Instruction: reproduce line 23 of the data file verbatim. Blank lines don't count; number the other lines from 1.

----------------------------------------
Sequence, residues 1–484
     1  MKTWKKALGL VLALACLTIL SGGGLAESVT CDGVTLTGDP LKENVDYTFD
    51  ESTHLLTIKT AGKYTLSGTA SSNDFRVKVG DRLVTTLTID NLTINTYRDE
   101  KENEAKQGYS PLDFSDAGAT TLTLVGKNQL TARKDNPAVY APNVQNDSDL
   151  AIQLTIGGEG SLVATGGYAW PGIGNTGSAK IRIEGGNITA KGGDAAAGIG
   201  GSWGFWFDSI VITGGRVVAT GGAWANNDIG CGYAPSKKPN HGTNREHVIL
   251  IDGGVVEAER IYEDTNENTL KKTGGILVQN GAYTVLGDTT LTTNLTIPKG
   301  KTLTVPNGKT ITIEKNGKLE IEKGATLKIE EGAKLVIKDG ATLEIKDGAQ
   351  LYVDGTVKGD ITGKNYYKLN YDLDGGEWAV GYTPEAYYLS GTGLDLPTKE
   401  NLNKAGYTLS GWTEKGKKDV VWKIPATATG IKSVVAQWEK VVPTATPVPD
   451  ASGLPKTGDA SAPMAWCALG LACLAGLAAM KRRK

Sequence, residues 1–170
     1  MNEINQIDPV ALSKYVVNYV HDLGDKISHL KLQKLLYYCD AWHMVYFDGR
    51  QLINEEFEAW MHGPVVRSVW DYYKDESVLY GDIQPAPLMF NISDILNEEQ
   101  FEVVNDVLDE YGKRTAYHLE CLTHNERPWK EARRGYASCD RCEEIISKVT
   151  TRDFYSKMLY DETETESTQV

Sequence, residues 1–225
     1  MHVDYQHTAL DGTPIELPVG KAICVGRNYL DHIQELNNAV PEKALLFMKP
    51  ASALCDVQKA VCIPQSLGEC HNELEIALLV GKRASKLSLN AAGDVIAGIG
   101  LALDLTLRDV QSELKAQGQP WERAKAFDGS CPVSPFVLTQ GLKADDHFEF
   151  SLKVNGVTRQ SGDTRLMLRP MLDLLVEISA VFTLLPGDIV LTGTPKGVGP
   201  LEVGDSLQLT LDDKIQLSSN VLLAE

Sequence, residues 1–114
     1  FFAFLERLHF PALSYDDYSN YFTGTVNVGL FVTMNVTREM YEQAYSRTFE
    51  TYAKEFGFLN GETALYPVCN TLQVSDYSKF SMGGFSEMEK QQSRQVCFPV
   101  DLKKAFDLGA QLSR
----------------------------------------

Sequence, residues 1–114